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Chemotherapy has been found to result in comparable survival rates to surgery for head and neck cancer. However, toxicity can often be worse after chemoradiotherapy, with impairment in voice, swallowing, nutrition, and quality of life. Investigators are attempting to modify radiotherapy treatment regimens to spare organs that have an impact on swallowing. This review will highlight voice and swallowing impairment seen after chemoradiotherapy, as well as treatment for voice and swallowing disorders in this population. Results of newer radiotherapy regimens will also be highlighted.
Specific oropharyngeal swallowing motility disorders after chemoradiotherapy have been identified. Damage to specific structures has been correlated with specific pharyngeal phase swallow impairment. Swallowing function and quality of life have been examined over time, with improvement seen in both. Preventive/prophylactic swallow exercise programs have been encouraging. Chemoradiotherapy effects on voice have been identified in terms of acoustic, aerodynamic, and patient and clinician-rated perception of function. Improvement in voice has also been observed over time after chemoradiotherapy. Voice therapy has been found to have a positive impact on voice and perceptual measures in this population.
Current studies show some improvement in swallow function after swallow and voice therapy in patients treated with chemoradiotherapy. Further, there is a suggestion of improved swallow function with sparing of organs with specific radiotherapy protocols. Future research needs to focus on specific voice and swallow treatment regimens in the head and neck cancer patient treated with chemoradiotherapy, specifically, timing, frequency, duration, and specific treatment types.
Radiotherapy alone or in combination with chemotherapy is commonly used to treat cancer of the head and neck. However, dysphagia is a common sequela of treatment and may occur because of a variety of factors. Mucositis, nausea, lack of appetite, fatigue, reduced or altered taste, or tissue fibrosis can contribute to reduced eating ability and impaired quality of life (QoL) [1–3,4•]. Approximately 80% of patients undergoing radiotherapy develop mucositis . Problems with chewing food, meal consumption time, pleasure in eating, xerostomia, trismus, sticky saliva, food sticking in the throat and mouth, and choking result in a major negative impact on QoL [1–3,4•,6].
Altered fractionation radiotherapy, concurrent chemoradiotherapy, and induction chemotherapy paired with chemoradiotherapy have shown improvement in local control and survival for head and neck cancer patients [7–11]. However, these treatments resulted in increased mucositis and swallowing impairment [12,13].
Radiotherapy may also impact on voice if the larynx is included in the treatment field. Radiotherapy to the larynx has been found to result in muscle atrophy, fibrosis, dryness of the laryngeal mucosa, hyperemia, and erythema [14,15]. Voice changes following radiotherapy may include reduced vocal loudness, low modal speaking pitch, reduced phonic breath support, vocal roughness, breathiness hoarseness, and vocal fatigue [16–18]. Phonatory function testing revealed impairment in acoustic and aerodynamic voice measures [19–21]. Voice variability and unpredictability after radiotherapy is a frequent complaint .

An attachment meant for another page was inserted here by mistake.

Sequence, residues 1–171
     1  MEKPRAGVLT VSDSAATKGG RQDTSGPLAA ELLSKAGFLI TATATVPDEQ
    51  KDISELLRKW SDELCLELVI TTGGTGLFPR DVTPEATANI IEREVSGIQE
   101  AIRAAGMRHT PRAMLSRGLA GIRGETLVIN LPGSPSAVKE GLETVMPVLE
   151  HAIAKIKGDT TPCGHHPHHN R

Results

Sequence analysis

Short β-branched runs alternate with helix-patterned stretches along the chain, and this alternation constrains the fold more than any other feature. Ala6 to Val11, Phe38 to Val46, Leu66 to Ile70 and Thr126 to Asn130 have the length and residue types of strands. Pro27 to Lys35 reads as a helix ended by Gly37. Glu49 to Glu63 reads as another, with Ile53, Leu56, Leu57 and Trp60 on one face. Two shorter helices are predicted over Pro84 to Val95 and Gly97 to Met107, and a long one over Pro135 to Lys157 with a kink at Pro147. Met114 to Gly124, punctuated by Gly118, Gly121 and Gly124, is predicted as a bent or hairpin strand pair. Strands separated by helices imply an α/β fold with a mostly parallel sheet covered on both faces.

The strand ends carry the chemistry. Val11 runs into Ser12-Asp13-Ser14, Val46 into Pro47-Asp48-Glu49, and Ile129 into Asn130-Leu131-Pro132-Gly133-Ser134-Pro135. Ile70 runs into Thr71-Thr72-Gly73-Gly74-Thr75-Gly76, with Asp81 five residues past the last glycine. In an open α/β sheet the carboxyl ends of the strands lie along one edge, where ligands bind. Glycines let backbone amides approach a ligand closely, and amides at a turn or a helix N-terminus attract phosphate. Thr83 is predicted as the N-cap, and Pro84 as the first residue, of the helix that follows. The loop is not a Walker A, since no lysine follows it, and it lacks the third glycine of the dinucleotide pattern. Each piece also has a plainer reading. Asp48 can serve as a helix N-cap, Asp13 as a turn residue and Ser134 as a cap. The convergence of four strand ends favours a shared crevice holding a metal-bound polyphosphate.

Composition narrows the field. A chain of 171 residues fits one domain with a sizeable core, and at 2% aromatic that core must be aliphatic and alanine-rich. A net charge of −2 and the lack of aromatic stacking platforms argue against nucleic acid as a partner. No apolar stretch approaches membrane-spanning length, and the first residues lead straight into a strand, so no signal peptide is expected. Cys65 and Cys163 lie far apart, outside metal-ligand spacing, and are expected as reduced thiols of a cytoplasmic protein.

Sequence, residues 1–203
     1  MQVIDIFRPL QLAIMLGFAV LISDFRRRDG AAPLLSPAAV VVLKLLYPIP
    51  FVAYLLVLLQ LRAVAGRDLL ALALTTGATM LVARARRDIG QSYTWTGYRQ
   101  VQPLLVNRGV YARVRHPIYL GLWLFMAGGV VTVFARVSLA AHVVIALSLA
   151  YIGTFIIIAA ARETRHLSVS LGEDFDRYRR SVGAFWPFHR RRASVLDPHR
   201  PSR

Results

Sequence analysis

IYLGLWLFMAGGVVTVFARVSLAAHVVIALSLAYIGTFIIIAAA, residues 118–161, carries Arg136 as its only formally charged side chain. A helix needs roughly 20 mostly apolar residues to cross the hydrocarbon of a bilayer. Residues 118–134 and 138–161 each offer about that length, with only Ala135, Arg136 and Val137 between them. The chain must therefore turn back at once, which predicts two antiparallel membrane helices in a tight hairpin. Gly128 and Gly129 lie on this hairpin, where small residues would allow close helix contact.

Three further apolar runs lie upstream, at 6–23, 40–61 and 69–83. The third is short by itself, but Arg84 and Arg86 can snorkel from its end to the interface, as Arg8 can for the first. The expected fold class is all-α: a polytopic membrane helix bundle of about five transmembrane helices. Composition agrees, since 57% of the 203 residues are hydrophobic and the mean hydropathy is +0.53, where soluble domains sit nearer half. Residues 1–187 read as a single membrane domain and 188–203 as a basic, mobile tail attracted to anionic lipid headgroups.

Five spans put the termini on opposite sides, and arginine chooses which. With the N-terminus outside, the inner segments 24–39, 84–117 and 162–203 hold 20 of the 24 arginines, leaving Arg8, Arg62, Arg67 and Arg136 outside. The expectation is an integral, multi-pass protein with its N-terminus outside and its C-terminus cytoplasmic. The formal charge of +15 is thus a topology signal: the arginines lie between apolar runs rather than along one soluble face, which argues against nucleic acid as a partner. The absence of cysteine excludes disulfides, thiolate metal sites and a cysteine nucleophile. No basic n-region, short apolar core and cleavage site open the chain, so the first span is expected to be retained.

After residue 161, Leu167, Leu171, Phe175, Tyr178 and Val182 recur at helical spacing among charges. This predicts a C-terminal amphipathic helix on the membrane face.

Radiotherapy can have a major impact on oral and pharyngeal phase swallow functioning. Studies [23–25,26••,27••] have found oral phase impairment includes reduced range of lingual motion, reduced lingual strength, impaired bolus formation, impaired bolus transport through the oral cavity, prolonged oral transit times, and increased oral residue percentages. Pharyngeal phase swallow impairment in this population can include impaired tongue base posterior movement, impaired velopharyngeal closure, delayed triggering of the pharyngeal swallow, reduced pharyngeal contraction, reduced hyoid and laryngeal motion, reduced laryngeal vestibule and glottic closure, and reduced opening of the upper esophageal sphincter, resulting in impaired bolus clearance and aspiration [23,24,27••,28–32]. Specifically, the timing, strength, and coordination of pharyngeal structural movement contribute to reduced bolus clearance through the pharynx as well as aspiration, typically after the swallow and often silent [28–37]. Research has shown that the cough reflex is impaired/absent in the irradiated head and neck cancer patient  Reduced tongue base and pharyngeal wall pressures have been found to correlate with impaired bolus clearance and pharyngeal residue that can be aspirated in head and neck cancer patients [39•]. Reduced lingual strength correlates with oral transit times, percentage oral residue, and oropharyngeal swallow efficiency (OPSE) , a global measure of swallow safety and efficiency , in a group of oral and oropharyngeal cancer patients treated with radio/chemoradiotherapy . A follow-up study [26••] in this population examined the effects of chemoradiotherapy over a 12-month period. Interestingly, tongue strength did not correlate with swallow measures. However, there was a significant correlation between lingual strength and percentage oral intake in these patients. Tongue strength was significantly impaired 1-month postradiotherapy and improved over the course of the year. Diet type also followed this pattern [26••].